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Project Help and Ideas » Temperature sensor project.. of course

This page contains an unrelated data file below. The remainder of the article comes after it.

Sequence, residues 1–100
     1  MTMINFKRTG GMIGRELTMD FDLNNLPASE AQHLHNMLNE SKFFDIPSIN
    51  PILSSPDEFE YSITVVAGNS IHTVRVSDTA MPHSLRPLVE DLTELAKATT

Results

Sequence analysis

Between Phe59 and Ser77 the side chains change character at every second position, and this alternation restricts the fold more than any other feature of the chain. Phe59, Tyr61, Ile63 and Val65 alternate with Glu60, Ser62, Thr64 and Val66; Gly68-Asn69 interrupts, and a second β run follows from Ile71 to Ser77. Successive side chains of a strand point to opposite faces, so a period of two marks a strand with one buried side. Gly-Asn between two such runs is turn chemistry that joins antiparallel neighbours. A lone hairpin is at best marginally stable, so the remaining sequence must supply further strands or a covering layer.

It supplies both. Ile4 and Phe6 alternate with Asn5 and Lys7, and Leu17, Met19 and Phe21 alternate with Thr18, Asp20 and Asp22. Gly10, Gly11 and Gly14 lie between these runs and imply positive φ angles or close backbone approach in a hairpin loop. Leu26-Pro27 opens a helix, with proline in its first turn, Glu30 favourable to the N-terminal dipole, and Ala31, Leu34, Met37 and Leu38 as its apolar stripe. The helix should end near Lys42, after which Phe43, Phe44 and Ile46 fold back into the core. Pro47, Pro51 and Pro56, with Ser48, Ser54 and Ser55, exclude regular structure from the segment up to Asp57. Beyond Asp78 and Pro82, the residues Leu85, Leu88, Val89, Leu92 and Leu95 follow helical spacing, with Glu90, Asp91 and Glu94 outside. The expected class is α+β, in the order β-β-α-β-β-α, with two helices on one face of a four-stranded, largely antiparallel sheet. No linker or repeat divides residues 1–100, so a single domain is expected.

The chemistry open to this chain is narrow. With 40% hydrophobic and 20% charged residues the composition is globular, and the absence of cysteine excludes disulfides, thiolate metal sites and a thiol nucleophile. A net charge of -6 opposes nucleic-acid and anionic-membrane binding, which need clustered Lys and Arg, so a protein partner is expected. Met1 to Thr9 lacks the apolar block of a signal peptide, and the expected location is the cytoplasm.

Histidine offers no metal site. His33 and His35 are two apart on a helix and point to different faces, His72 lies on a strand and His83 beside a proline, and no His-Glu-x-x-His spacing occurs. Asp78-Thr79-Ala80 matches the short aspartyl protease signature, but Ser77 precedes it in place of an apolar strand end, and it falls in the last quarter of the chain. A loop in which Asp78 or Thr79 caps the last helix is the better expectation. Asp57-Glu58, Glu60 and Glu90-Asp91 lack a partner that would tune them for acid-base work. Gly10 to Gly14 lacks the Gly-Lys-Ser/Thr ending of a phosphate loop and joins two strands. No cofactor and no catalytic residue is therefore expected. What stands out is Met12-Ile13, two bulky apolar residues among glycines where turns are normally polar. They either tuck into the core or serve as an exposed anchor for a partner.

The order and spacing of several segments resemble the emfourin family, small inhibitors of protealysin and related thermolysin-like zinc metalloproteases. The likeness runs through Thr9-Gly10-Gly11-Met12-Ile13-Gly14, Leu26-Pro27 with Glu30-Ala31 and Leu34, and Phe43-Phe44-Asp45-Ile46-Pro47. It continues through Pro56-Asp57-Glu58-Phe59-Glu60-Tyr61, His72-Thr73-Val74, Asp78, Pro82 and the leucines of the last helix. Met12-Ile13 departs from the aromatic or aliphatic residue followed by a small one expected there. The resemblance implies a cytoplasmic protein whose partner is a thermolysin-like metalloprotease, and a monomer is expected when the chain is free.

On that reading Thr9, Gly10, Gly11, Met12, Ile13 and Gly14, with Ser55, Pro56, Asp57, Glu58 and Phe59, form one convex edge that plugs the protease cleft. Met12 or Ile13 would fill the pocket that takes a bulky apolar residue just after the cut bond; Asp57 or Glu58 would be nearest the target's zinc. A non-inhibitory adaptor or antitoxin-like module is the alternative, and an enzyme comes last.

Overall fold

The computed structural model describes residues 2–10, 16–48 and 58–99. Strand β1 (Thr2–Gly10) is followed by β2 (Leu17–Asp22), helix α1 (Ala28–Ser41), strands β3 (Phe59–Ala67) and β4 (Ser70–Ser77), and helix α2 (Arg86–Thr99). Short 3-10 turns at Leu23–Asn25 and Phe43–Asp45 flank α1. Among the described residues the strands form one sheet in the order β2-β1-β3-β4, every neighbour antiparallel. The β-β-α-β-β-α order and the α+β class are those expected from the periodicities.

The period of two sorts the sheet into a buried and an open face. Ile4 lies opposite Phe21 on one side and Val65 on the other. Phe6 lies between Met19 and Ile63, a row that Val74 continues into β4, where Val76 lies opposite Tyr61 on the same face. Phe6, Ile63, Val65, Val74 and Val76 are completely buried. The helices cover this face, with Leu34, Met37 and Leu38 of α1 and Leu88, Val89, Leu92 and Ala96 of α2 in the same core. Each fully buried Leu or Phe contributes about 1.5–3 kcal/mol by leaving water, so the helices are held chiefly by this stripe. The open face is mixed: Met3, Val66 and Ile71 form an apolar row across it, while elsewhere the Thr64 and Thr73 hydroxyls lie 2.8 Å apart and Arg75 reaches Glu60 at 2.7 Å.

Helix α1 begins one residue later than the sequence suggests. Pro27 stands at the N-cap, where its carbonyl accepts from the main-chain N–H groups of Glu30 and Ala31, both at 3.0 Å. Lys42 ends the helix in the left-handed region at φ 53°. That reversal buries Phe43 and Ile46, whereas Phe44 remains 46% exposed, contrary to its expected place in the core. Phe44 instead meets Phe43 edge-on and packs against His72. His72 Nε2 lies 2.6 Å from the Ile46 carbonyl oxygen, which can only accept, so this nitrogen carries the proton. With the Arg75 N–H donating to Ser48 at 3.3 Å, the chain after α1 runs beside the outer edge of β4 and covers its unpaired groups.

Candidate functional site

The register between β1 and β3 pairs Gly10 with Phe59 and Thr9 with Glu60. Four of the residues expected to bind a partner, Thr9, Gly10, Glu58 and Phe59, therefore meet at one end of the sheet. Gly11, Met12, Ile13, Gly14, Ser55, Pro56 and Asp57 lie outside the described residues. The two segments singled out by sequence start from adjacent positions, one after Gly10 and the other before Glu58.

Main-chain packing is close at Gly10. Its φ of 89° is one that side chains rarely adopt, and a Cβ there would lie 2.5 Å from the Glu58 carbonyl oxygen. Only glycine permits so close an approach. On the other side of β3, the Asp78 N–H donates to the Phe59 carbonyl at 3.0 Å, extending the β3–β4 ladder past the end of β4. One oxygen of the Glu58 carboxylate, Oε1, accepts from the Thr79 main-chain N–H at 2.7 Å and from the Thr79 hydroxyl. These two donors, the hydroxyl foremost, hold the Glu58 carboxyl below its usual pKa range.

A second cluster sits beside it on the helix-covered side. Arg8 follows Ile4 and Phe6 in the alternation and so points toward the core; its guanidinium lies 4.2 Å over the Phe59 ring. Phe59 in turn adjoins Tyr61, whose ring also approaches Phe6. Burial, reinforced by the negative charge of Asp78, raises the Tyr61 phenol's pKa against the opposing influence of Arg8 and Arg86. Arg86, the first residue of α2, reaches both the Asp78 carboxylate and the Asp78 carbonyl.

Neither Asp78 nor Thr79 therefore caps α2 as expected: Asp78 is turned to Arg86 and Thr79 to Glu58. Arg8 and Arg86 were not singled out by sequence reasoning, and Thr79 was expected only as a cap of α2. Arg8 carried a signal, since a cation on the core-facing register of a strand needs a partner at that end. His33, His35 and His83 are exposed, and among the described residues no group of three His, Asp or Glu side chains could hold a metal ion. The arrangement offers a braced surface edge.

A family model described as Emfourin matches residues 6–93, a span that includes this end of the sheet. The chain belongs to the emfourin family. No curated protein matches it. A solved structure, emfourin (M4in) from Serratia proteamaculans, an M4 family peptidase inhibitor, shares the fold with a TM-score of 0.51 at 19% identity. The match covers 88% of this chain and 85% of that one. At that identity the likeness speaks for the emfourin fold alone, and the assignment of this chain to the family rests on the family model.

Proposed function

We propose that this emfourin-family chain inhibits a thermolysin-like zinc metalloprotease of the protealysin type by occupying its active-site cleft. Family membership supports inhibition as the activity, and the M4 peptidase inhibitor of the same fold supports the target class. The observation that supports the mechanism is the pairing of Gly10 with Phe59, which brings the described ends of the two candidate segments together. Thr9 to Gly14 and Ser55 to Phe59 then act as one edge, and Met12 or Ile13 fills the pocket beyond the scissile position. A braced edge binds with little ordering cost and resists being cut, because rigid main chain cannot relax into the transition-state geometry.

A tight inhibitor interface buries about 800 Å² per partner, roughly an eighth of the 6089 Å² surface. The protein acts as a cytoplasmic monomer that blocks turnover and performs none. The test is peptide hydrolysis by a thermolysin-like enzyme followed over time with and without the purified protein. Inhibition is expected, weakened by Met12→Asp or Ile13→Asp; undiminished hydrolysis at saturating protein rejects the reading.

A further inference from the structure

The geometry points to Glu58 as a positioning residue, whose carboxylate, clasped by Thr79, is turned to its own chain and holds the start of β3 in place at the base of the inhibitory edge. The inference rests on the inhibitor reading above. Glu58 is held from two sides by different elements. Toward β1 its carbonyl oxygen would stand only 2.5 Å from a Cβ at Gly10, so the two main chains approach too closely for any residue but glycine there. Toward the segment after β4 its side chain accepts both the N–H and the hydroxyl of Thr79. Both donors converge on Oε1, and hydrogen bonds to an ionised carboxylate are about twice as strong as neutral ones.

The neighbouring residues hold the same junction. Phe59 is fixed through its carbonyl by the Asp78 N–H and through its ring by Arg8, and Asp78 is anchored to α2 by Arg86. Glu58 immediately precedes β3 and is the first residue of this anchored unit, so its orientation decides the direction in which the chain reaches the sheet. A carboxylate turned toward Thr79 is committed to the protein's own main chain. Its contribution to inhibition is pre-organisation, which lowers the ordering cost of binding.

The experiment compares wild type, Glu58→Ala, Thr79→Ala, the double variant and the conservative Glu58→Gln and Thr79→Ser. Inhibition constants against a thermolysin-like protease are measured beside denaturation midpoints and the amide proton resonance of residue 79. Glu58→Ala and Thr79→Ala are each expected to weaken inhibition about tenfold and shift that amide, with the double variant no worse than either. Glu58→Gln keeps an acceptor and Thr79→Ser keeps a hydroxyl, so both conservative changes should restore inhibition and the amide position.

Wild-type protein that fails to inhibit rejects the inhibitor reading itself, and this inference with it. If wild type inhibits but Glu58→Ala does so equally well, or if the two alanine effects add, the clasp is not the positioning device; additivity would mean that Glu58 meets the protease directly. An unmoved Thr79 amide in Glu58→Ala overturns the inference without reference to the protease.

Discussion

December 28, 2009 by jgauthier Greetings, I completed all the tutorials, and some extras. I went back to the temperature sensor because I'd like to understand it a little more in depth. When i first set it up, I was using the 9V battery, and a I noticed the temperature was 8-10 degrees high. I read this is because of a 5v calculate voltage and accepted it was my battery. Since then, I've moved directly to USB. I've got fairly constant power, but still receiving high readings. If I read the input side of the LM34, I am showing about 6.6v. I also read that the output should read about 10mv per degrees. My house should be around 66-67F right now, but I am having trouble reading the output. Using my multimeter, I've put the setting on DCV, and then selected 200m. It just stays at zero. Then, i've moved it to DCmA. Then i've selected 200,20, and 2. All stay at 0. Is my multimeter not precise enough to read this? AND... Can i read the voltage from the ADC? Thank you, PIN2 on your LM34 will measure at 660mV for 66F. 74.5F = 745mV on PIN 2... and so on. It is 10mV/F on the datasheet-- so your setting of 200mV on your meter is too small. ALWAYS set your meter at the largest setting possible and then switch down. In this case it's USB at 5V - but what if it's actually more (like 6.6V)??? You risk frying some things, including your chip AND your meter. Before connecting anything, you should check your rail to rail voltage- to be sure the USB is delivering no more than 5V. So set your meter to 10VDC and THEN check it: Use your VM to see what voltage is dropped across it, when connecting positive lead to + RAIL and negative lead to - RAIL- this will tell you what your reference voltage is. Your ADC will skew the results accordingly, unless you update your tempsensor code to adjust for that calculation. For example, if your reference voltage is actually 4.98V, then instead of 5000mV in your calculation, it must be 4980 in order to map the LM34 output ot the 1024 division resolution of the ADC accurately. To check the LM34, you can connect your positive lead on your meter to PIN2 on the LM34 and the negative lead to GROUND to see how much it is dropping across your meter. Your ADC is input only in your current configuration-- it does not generate a voltage. Okay, thanks. That helped. I measured my USB, and it's not steady at all. Anywhere from 5.9-6.7v. Should I regulate? Also, with the USB plugged in (serial pins too), and the main switch to the board turned off, my rails are running at 3v. I traced this back to the yellow pin on the USB cable. I thought this was a passive communication? It actually has 4v on it. When I plug it in it's definitely causing noise, or an issue. It seems that pin two fluctuates based on that being plugged in. It went as high as 1.00 (but the LCD was reading 73 degrees). It's currently reading at .9, which would be 90, and the temperature is reading 74. (ADC: 152) So, my understanding has increased,but something is still going on. My question about the ADC was not if I can generate voltage, but if I could read it. For instance, to get accurate readings, I need to know the reference voltage. Since the LM34 just sends voltage into the MCU and reads that, could I also (i feel the answer is "no") throw a line to the +RAIL and use the ADC to get the reference voltage? Some things from what I've read aren't adding up. if my voltage is high, my temperature should be low. But it's not.. it's too high. Thanks for your help. Understanding "why" is what drives my learning.. :) Thanks! Hi-- let me add a little more, that will help you understand a bit more. VOLTAGE. This is NOT sent anywhere. It does not exist within your circuit. Nor is it a driving or pushing force. This is a major misconception by most students of electronics-- because it is mistaught. Voltage exists ONLY between the terminals of your power-supply. Period. Voltage is an attraction based on a process that separates (whether by chemical or electrical or other means) the most weakly bonded electrons from their home atoms-- and keeps them apart. The level of attraction (what you know as voltage) is the ATTRACTIVE force at the positive terminal-- the free electrons will find their way back to their home atom (any atom that is missing its free electrons) by means of traveling through your circuit pathways to the positive terminal. As such-- voltage CANNOT be measured directly at any point in your circuit. In fact, you cannot measure voltage directly ANYWHERE. The best you can do, is place something between the terminals (like your meter) and measure how much voltage is LOST or "dropped" across that bridge. Furthermore, you can only measure a VOLTAGE DROP between two points of opposing polarity (your meter's leads for example, or on either side of a component, like a resistor or LED). To look at this last statement another way, consider this: Putting your meter across the positive and negative rail puts it in series with the power-supply. Your meter presents an extremely high resistance (mega ohms, in fact) - the purpose being to limit the amount of current that flows through the meter so it doesn't fry it, while allowing just enough current to flow so that it can calculate the drop. If you put your meter across a resistor, you are still putting your meter across the terminals of the power-supply-- but in parallel with the resistor. Because your meter presents so much resistance, virtually all the attractive force is dropped/lost because it can't hardly pull any current through your meter. Your meter measures that loss, which ideally due to the high resistance, should be close enough to the maximum attraction on the circuit at that point, for all intents and purposes. I realize that is a lot to take in, and it flies in the face of most of what you hear-- but that is because most of what you've been told regarding voltage and current is incorrect. I go into detail on it, because I want you to be able to truly understand it, and change the way you communicate about it and think about it. If you talk about it correctly (saying voltage "across" and not "at"), you reinforce to your mind how it actually behaves which leads to greater understanding of how your circuit actually "WORKS" and what's going wrong, if it doesn't. Current is a physical thing-- it IS the electrons in motion-- drawn by the attractive force at the positive terminal. Voltage won't do a thing to you-- current can kill you (where you're dealing with larger currents, capacities, and voltages). Okay, now that you have a little better understanding of voltage and current, let's talk about some of your questions: If your input power is more than 5V, then YES, you should be regulating it. Some components (even parts of your ATMEGA168) cannot handle more than about 6 volts (see the datasheet) and more than that means too much current will force its way through portions of the chip-- it will get hot (or those portions will) and eventually they will break down and short-- because the current WILL get through. With your USB connection, there may be an issue whereby you are not seeing a steady DC voltage-- it may be fluctuation because USB is a serial protocol-- as such it is going to be raising and lowering the voltage at extremely fast rates. Your meter can't register that accurately-- you need an oscilloscope. .9 is 900mV (remember 1 milivolt is .001 If your rail voltage-- which is where your ADC pulls ADCRef from-- is not steady, neither the LM34 nor the ATMEGA168 can provide a stable, reliable answer-- again, you probably want to go regulated. If you use regulated, the 7805 requires the input voltage to be 2 to 2.5 volts HIGHER than the output voltage of 5V. PIN 2 on the LM34 will fluctuate based on any changes on your +5 rail. Plus your calculation in software (the 5000/1024 part of the equation) will ALSO be incorrect because the 5000 is an assumed value representing 5V. In truth, that value should be read off the ADCRef PIN, so that the software calculation automatically stays in sync with the LM34. I have not looked to see if you can pull the mV value off the ADCRef pin-- you might have to use another PIN elsewhere to obtain this, but atleast you now know the method you would use to make the software stay calibrated with the LM34. You need to resolve the fluctuating voltage issue first. Thanks for your lengthy response. It makes sense -- alot. I realized in my green-ness I am definitely referring to things very casually, which if I was more experienced would not make sense. (the LM34 "sending" voltage) Noted! Very bad terminology there. I apologize, but I am thankful for your guidance. I also did not realize that was how a multimeter functioned. That is great understanding. I'm going to head over to mouser/digikey and see if I can find a regulator for my range. Otherwise, I will use a wall wart and continue to use the bundled regulator. It seems I am chasing a rather trivial problem. but I'm not searching for a solution as much as I am seeking a solid understanding. So thanks! I certainly didn't want to visit here again so quickly. I have been reading up on regulators and how to accomplish this. i'm concerned firstly that my USB should not be putting out 6.7v. Secondly, I haven't been able to find a regulator that can regulate down to 5v anything that is not 7 or 8. There might be some math here that makes perfect sense to someone. (Maybe forward voltage difference) well, well, well. I think I have discovered my "problem". I've been thinking all day about how to get alternate power sources since my USB was had 6.7v across it. I tried another USB port... same thing. I tried a USB wall charger. Same thing! My brain is very confused. I've read that wall devices are not guaranteed. But this wasn't the same thing. I tested a 5v line from my PC's power supply. I was also ready about 7v across it. Finally I disassembled an old "9v wall wart". I put it in an isolate part of my bread board attached to the 7805. Guess what? 6.7v! Now, I realized what i've been chasing. This is no coincedence. I changed the battery in my multimeter... and now my 5v are 5v. wow! This has had me quite intrigued. Thanks for all the pointers. Back to USB power, and back to determining how to get the temperature sensor more accurate! CONGRATULATIONS! It's easy to forget our tools can also mislead us-- good thinking! Go back to the part I told you, about how to measure the voltage off of PIN 2 on the LM34. This will give you the reading from the sensor, irrespective of your ATMEGA168, so you know what the sensor is providing to the MCU. Knowing that value, will let you track down what else might be going on (if anything). For example, if you get a 745mV reading-- that means the LM34 says it's 74.5F. And that is exactly what I can read from it. The voltage off PIN2 is reading in relation to how the math of the temperature reads. The voltage/temperature is still wrong.. but I'm not sure I want to fight that battle. It's still several degrees high. I wonder if it's noise. I considered getting a digital one. (DS18B20 -- http://www.mouser.com/Search/Refine.aspx?Keyword=DS18B20) But again, not sure I want to fight that battle =) December 29, 2009 by BobaMosfet "In truth, that value should be read off the ADCRef PIN, so that the software calculation automatically stays in sync with the LM34. I have not looked to see if you can pull the mV value off the ADCRef pin-- you might have to use another PIN elsewhere to obtain this, but atleast you now know the method you would use to make the software stay calibrated with the LM34." `````` How would the microcontroller look at that ADCRef PIN except thru the adc itself? It would always get a full reading. `````` mj ese, Sorry, I've been trying to get back to this thread to answer your entry, but couldn't find it until now. You can monitor the ADCRef pin with another pin by creating your own ADC and comparator circuit to do the AtoD conversion of the ADCRef pin. Flip-Flops, Gates and Op-Amps in combination may be used. I didn't say it would be simple :P BM Hi all, Just wanted to point out that there is something called a "bandgap voltage reference" which measures some semiconductor properties to generate a "stable" reading around ~1.2 volts or so. This is a ~40 year old technique to generate a stable voltage reference (fairly stable over both input voltage and temperature), and there's one of these in your 7805, for example. The 7805 uses a bandgap voltage reference to generate an internal ~1.2V reference, and then uses a precise voltage divider ratio on its own 5V output. It basically has a voltage divider with a fraction of 1.2 / 5.0, and compares that to the bandgap, and does feedback around that comparison. But the ATmega168 also has a built-in bandgap reference source. You can use this in one of two ways: 1) you could use it as the analog reference AREF if you have no intention of measuring input voltages greater than about a volt. See Table 23-2 on page 256 of the ATmega168 datasheet. 2) you could use it as an input to the ADC, so you could effectively compute what AREF is -- this is a way of measuring your 5V supply. Note that the datasheet calls it ~1.1V, and I've been calling it ~1.2V. Furthermore, Figure 29-36 on page 335 of the ATmega168 datasheet shows it to be even slightly different from that. But most importantly, you should be aware that it's simply a function of the semiconductor properties, so it can vary a bit from batch to batch. You can assume that once you measure it for a given chip, it will stay largely the same forever... but for best accuracy, you should measure it once for that chip with a multimeter that you trust as your "true reference". If you're still curious, here's an article from Bob Pease (a legend in the analog electronics industry) about The Design of Band-gap Reference Circuits. Mike Does any one have a problem with the SPDT switch switching between "program mode" and "run mode"?. For the temp sensor project, everytime I want to rebuild the code I have to unplug and plug the usb to do so. I think it might have something to do with the while(1) loop and main not getting an int 0 in the end. Unplugging the USB every time is "sometimes" normal!! I now have to use a spst switch on the yellow wire, instead of unplugging the usb cable. Currently I am using a MAC mini OS X 10.6. There have been times when I did not have to unplug the usb cable but now I do. This has been for OS X and Windows XP and 7. If you or anyone can come up with the exact settings to avoid unplugging or switching off the usb I sure would appreciate it. Like I have said there had been a time when I did not have to unplug the usb but no longer. I have two serial-usb cables and have to unplug or switch off both. Ralph I started on a LM34, but wasn't happy with small differences in temperature caused by miscalculations of the reference voltage, and the worry of my really long interface cable to the transmitter. Check out DS18B20 - it's a digital temperature transmitter in the same size package! This page describes a simple setup really well; http://www.teslabs.com/openplayer/docs/docs/other/ds18b20_pre1.pdf I love how you can hang multiple devices of the one wire, has CRC detection, and alarm limits. And it's digital. So 20 degrees is 20 degrees (+-0.5); no worrying about your calculation and analog noise. And it will run on any digital I/O pin. BobaMosfet, Your third post in this thread, where you discuss the meaning of voltage, is classic and one that would benefit electronics beginners in general. Thanks for the post. Ralph I have pointed it out before so this is somewhat redundant. I regularly use windows 7 window xp and vista. I never find it necessary to unplug the USB cable. Or use any type of switch in the cable. The USB connections work well in all cases. I stated using optical coupler on the USB cable all the time. Last winter I fried a second USB cable from static discharge when I neglected to ground myself and touched the board. static electic At least now my computers and the USB cable are safe from any mistakes I might make on the boards. Darryl, I just received my opto couplers!! Now I just need the time to build your circuit. I wish there was a PCB instead of having to use a proto board but there again once I get around to learning Eagle and once I get my 3D printer milling machine and learn how to use it I could mill my PCB or of course I could etch it. Hey Darryl would you post your schematic for the USB isolation using the opto couplers in the Nerdkit Community Library and Paul (Noter) you had a isolation circuit using transistors would you post that also? I can not find either circuit at the moment I know I have them somewhere but if they were posted to the library then I could easily find them, that would be great :-) Ralph Ralph I have posted the circuit in the library as you suggested. Darryl Ralph, I don't remember having isolation circuit for a USB connection. Are you thinking of the transistor based RS232 to TTL serial converter I was using for a while after my usb cable died? I couldn't use it now anyway because I'm on a laptop these days and it doesn't have a RS232 port. Thanks Paul for that circuit I think I remember that, but of course could never find it. I thought you had a circuit you put together on one of my "yellow wire" threads to separate the USB using MOSFETs similar to how Darryl is using opto isolators, but probable this is the circuit I was remembering, thanks again. Ralph Wow, thanks Darryl for the Optocoupler USB to Nerdkits connection post to the Nerdkits Community Library. Now I (and everybody else) can find it easily. Now to get a Eagle schematic and to make up some PCBs. Ralph